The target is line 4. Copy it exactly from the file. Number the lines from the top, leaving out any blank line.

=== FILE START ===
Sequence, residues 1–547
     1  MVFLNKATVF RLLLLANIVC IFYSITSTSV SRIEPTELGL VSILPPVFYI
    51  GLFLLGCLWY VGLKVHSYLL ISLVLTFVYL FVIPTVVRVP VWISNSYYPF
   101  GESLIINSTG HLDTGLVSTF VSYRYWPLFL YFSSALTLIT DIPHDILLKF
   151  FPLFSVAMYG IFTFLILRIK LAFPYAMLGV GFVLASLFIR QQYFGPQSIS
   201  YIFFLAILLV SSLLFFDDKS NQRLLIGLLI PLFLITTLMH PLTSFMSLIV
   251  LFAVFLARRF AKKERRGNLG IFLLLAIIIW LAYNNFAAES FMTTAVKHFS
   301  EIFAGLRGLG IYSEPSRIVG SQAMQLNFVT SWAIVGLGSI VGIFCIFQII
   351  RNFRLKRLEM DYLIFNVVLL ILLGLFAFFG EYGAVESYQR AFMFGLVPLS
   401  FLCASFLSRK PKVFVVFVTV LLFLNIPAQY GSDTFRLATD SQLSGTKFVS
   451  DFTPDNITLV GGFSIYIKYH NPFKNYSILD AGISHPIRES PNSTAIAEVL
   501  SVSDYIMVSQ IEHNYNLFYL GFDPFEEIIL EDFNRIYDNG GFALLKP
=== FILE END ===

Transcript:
   101  GESLIINSTG HLDTGLVSTF VSYRYWPLFL YFSSALTLIT DIPHDILLKF